Binance froze when bitcoin crashed. Now users want their money back.

Binance, the world’s largest cryptocurrency exchange, froze for over an hour just as the price of bitcoin and other cryptocurrencies plunged. Mr. Singhal and others, who had made leveraged bets on their rise, were locked out.

As losses steepened, the exchange seized their margin collateral and liquidated their holdings. Mr. Singhal said he lost his $50,000 plus $24,000 he had made in previous trades.

Binance traders around the world have been trying to get their money back. But unlike a more traditional investment platform, Binance is largely unregulated and has no headquarters, making it difficult, the traders say, to figure out whom to petition.

Mr. Singhal has joined a group of about 700 traders who are working with a lawyer in France to recoup their losses. In Italy, another group is petitioning Binance over the same issue. Lawyers representing the Italy group sent a letter to 11 Binance addresses they could find in Europe, and an email to the help desk.

A Binance spokesman said extreme market volatility, like on May 19, can create technical bottlenecks for it and other exchanges.

“We took immediate steps to engage with users affected by the outage,” and to provide compensation, the spokesman said. He added that “we remain happy to speak to anyone who reaches out to us with a concern about the outage.”

In an open letter published July 7, Binance founder Changpeng Zhao said the exchange was committed to being compliant with appropriate local rules. But he has dismissed the idea of having a headquarters, saying it is an antiquated concept.

The price of bitcoin and other digital assets soared earlier this year, sparking a world-wide frenzy in trading. A huge chunk of that business flowed through Binance, which handled nearly $2.5 trillion in derivatives trades in May, according to data provider CryptoCompare. The subsequent crash in prices exposed the exchange’s inability at times to handle massive trading volume and has led to a backlash from users.

Authorities in Japan and the Cayman Islands have said Binance doesn’t have licenses to operate in those jurisdictions. The U.K. said Binance’s local unit wasn’t permitted to conduct operations related to regulated financial activities. Several British banks have stopped customers from transferring money to Binance.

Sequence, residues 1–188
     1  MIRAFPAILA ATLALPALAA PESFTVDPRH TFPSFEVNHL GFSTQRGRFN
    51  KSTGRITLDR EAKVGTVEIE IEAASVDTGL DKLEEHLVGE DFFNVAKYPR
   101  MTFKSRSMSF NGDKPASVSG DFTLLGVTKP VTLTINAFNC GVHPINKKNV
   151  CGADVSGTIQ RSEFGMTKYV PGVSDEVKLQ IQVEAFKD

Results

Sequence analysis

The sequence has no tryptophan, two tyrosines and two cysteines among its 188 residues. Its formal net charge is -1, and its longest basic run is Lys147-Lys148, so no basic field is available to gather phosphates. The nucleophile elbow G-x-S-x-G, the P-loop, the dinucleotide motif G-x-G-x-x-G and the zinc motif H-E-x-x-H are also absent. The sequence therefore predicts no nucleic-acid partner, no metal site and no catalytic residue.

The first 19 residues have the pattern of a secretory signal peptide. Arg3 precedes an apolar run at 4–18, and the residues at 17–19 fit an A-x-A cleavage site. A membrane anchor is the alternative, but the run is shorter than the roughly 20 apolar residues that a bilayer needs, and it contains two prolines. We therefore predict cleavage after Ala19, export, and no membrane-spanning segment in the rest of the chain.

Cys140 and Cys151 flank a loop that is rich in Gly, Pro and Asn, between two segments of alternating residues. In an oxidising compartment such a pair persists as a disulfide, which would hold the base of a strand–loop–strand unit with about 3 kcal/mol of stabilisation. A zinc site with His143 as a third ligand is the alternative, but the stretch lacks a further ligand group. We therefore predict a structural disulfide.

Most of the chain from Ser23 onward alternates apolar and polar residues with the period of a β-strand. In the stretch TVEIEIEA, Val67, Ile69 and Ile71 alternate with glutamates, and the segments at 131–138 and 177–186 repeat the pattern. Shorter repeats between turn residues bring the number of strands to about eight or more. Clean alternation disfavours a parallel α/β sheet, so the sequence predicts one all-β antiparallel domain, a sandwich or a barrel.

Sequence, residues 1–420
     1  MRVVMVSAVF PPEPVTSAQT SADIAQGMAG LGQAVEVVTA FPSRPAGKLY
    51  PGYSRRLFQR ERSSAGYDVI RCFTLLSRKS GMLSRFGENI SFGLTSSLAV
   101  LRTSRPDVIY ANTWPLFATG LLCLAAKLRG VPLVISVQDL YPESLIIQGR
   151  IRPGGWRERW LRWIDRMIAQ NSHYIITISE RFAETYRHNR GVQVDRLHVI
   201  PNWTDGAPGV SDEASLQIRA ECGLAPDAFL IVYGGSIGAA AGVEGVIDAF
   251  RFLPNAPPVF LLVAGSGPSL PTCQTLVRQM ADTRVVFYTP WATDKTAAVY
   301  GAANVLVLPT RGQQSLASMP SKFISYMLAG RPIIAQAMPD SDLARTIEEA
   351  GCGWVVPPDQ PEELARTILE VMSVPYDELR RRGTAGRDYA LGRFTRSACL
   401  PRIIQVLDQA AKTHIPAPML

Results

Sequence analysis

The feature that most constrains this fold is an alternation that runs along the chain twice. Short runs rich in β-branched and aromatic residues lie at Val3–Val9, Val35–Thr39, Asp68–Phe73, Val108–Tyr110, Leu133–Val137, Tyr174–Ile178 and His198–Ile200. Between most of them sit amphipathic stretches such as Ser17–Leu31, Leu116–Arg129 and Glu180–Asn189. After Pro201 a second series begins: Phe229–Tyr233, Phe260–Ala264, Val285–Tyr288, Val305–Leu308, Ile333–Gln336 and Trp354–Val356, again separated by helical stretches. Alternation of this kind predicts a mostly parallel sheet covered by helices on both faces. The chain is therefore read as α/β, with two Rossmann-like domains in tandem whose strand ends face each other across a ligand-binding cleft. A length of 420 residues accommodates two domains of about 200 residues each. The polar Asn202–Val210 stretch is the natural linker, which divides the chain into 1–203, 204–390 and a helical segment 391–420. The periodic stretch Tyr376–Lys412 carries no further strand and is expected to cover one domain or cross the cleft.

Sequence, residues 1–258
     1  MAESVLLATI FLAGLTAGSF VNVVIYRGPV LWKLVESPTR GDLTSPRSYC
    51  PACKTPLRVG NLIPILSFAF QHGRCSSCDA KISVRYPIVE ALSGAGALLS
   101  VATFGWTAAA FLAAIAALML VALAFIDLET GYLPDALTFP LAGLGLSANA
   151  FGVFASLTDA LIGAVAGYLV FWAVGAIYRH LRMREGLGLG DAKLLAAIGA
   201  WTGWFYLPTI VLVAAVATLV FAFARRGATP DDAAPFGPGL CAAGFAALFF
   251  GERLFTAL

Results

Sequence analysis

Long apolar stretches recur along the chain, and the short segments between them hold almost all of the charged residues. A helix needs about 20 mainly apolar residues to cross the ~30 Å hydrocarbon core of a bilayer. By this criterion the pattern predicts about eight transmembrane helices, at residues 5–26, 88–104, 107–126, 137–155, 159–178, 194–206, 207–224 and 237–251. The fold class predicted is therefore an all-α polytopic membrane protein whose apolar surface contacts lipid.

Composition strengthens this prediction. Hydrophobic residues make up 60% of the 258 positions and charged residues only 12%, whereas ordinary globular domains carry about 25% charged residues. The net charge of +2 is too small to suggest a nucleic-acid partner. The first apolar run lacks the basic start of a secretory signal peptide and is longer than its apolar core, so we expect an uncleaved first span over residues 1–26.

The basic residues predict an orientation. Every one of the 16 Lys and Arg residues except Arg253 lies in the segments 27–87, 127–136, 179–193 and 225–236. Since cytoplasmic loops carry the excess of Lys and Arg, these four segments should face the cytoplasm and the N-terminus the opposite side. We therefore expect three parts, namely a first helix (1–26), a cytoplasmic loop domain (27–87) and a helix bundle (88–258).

In the U.S., Binance doesn’t direct users to its main website. Instead, it has an affiliate, called Binance.US, which offers spot trading of cryptocurrencies. Because Binance.US doesn’t offer derivatives, it doesn’t need to be registered with the Commodity Futures Trading Commission.

Mr. Zhao, 44, founded Binance in China. The Canadian-Chinese programmer got into bitcoin trading after hearing about it at a poker game, according to a 2020 interview posted online. Forbes has valued his fortune at $1.9 billion.

He set up Binance to help investors buy and sell cryptocurrencies and later offered more complex financial products, including futures—a contract that allows traders to buy or sell a specific cryptocurrency in the future.

To make returns more attractive, traders on its main website can make oversize bets with little money. Investors can get leverage of 125 to 1 for some futures contracts, meaning they can deposit just 80 cents to amass the equivalent of $100 of bitcoin or another currency.

Traders come from everywhere in the world. The site is in more than 30 languages.

Soon after the May 19 crash, a Binance executive, Aaron Gong, sent out a tweet apologizing and assuring that staff would reach out to those affected, according to screen shots provided by several traders. The tweet was eventually deleted.

Mr. Singhal said a fellow trader told him Binance had released a compensation claim form. He filed one, but the reply wasn’t what he expected: an offer for a three-month upgrade to Binance’s VIP platform in exchange for Mr. Singhal agreeing “to release and forever discharge” the exchange from any action over his losses. It also threatened to withdraw the offer if Mr. Singhal made it public.